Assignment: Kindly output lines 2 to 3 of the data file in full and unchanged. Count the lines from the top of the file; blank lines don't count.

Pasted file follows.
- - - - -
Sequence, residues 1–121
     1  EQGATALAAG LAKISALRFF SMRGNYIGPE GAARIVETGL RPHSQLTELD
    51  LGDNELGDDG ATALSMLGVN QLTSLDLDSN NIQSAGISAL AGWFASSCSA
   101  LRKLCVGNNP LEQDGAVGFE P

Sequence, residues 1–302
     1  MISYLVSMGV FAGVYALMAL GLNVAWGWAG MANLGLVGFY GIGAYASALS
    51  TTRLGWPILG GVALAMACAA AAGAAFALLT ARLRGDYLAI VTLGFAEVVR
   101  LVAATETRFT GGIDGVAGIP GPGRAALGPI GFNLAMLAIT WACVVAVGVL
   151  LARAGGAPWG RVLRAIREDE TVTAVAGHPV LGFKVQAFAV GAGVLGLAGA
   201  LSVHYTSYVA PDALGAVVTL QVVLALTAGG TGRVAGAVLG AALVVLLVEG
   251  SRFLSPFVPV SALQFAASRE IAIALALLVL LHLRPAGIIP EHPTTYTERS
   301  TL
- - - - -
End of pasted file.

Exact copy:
     1  EQGATALAAG LAKISALRFF SMRGNYIGPE GAARIVETGL RPHSQLTELD
    51  LGDNELGDDG ATALSMLGVN QLTSLDLDSN NIQSAGISAL AGWFASSCSA